A creamy, ricotta and zucchini filling is rolled and coiled in delicate layers of fillo dough before baking to a golden brown. It is perfect for a light lunch or supper with a simple salad or served as an appetizer.
Trim ends from zucchini and grate on the coarse side of a box grater. Place grated zucchini in a sieve over a bowl and add ½ teaspoon salt; let sit for 10-15 minutes. Using clean hands, squeeze grated zucchini over a bowl to remove excess moisture.
Meanwhile, whisk the eggs in a large bowl. Add ricotta, remaining ½ teaspoon of salt, and pepper. Mix to combine.
Preheat oven to 350 degrees Fahrenheit.
Unroll fillo dough. On a working surface, lay one sheet of fillo and brush lightly with oil. Repeat with another fillo sheet. Keep remaining sheets covered with a damp (not wet!) towel to prevent drying out.
With the long edge towards you, place a third of the zucchini mixture all the way across the width of the dough. Quickly, but gently, roll the dough into a log. Coil the log and place, seam side down, in the center of a greased 9 or 10-inch cast-iron skillet or a round baking dish. Brush the top of the roll with oil.
Repeat with remaining sheets, making two more logs and overlapping with the end of the previous log. Make sure all tops are brushed with oil.
Bake for 45-50 minutes or until golden brown. Slice in wedges like a pie. Serve hot, at room temperature or cold.
Serving suggestion: top with a dollop of sour cream or serve with a chilled glass of buttermilk. Enjoy!
Use melted butter instead of oil for a buttery, flaky pastry.
Place the rolls next to each other in a rectangular pan instead of coiling into a spiral.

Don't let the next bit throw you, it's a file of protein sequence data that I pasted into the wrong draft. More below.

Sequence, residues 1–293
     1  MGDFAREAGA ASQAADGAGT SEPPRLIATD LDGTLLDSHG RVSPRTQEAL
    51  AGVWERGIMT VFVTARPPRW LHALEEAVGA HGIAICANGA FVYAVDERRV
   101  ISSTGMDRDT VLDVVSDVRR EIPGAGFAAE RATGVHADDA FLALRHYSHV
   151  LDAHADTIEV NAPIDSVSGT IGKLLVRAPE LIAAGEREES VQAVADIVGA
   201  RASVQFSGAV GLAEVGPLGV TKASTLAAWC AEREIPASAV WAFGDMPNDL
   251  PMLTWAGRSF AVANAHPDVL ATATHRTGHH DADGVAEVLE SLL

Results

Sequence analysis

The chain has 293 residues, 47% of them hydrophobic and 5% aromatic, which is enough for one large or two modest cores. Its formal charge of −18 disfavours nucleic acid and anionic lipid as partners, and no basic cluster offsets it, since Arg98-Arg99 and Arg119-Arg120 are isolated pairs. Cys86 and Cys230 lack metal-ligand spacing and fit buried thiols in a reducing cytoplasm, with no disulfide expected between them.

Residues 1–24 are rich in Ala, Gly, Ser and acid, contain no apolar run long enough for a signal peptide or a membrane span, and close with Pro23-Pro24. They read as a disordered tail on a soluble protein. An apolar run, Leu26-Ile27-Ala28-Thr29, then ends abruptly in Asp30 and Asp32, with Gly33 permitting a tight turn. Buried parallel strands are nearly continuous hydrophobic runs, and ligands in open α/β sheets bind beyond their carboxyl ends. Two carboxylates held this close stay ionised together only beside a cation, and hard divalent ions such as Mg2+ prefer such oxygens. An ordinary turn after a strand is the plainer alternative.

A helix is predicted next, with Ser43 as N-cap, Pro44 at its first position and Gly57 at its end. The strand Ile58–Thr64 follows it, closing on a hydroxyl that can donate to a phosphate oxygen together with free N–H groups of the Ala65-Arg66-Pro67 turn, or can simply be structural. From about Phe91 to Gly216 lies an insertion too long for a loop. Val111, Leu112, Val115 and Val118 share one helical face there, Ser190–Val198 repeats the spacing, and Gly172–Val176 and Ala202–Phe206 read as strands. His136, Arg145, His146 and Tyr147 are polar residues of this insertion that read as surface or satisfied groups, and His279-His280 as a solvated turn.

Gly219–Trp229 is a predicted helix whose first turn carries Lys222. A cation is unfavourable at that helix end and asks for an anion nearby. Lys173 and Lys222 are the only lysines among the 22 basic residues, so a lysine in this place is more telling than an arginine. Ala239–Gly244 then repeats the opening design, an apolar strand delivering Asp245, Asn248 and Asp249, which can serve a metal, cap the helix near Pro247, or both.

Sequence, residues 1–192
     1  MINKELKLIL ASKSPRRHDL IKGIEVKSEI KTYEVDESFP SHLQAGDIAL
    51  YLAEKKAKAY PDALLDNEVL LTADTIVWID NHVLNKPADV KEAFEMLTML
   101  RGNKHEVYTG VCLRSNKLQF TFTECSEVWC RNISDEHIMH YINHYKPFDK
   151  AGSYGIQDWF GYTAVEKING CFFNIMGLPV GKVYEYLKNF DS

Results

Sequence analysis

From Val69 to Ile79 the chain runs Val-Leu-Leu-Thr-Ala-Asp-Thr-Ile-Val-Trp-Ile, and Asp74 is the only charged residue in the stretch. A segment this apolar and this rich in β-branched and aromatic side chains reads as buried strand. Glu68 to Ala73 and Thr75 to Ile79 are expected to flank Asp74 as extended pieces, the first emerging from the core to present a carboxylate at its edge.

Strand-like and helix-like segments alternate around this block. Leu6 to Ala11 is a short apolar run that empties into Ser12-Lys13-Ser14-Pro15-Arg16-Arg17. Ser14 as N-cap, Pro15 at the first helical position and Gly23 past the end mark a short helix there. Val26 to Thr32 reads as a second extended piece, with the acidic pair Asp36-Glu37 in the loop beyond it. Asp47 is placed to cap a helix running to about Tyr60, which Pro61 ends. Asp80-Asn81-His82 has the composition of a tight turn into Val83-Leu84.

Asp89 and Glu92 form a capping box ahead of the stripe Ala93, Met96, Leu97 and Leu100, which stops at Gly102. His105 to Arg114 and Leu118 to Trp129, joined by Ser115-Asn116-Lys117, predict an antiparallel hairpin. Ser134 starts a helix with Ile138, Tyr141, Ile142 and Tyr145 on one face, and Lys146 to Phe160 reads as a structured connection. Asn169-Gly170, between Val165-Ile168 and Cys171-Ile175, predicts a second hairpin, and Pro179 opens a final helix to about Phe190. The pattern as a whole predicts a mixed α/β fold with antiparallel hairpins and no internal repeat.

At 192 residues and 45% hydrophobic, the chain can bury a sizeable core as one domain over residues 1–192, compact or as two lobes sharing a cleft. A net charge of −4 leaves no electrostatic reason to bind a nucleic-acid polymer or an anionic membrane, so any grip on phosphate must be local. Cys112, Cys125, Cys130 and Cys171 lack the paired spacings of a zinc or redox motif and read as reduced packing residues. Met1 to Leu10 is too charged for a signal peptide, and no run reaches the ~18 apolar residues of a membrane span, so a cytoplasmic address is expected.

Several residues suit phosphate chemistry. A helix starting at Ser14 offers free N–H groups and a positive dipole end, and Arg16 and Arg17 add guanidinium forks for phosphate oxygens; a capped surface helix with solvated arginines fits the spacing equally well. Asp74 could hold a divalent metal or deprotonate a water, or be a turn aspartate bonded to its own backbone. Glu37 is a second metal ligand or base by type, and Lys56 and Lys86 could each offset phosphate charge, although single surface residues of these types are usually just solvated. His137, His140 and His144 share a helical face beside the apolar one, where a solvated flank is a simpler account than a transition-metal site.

Work fast and be gentle: as always with fillo, work fast before the sheets dry out (never cover with the towel that's too damp or they will absorb the moisture and you won't be able to separate the sheets).
If you're having trouble oiling the sheets, use a pastry brush dipped in oil to drizzle it all over instead.
Line your surface with a sheet of non-stick parchment or wax paper larger than the pastry sheets. Use it to help roll the fillo into a log.
Don't worry if the fillo breaks while coiling. Press it together in the pan or use a piece of remaining fillo dough to cover it up. Don't forget to oil it. It's OK if filling leaks a bit.
Important: use 3-4 sheets of pastry for each roll if your fillo is super thin and fragile. I highly recommend the Fillo Factory brand. You can find it at Whole Foods markets or order online. They'll keep in the freezer for months. For this recipe, I used their #7 medium weight fillo dough but their organic fillo (my favorite) would also work.
Sprinkle the coil with a little water to prevent fillo edges from curling and burning (only necessary with thin sheets).
Use a dough cutter and scraper to lift the first coiled log for the center and transfer it to the pan, or coil it in the pan.
Please keep in mind that nutritional information is a rough estimate and can vary significantly based on products used.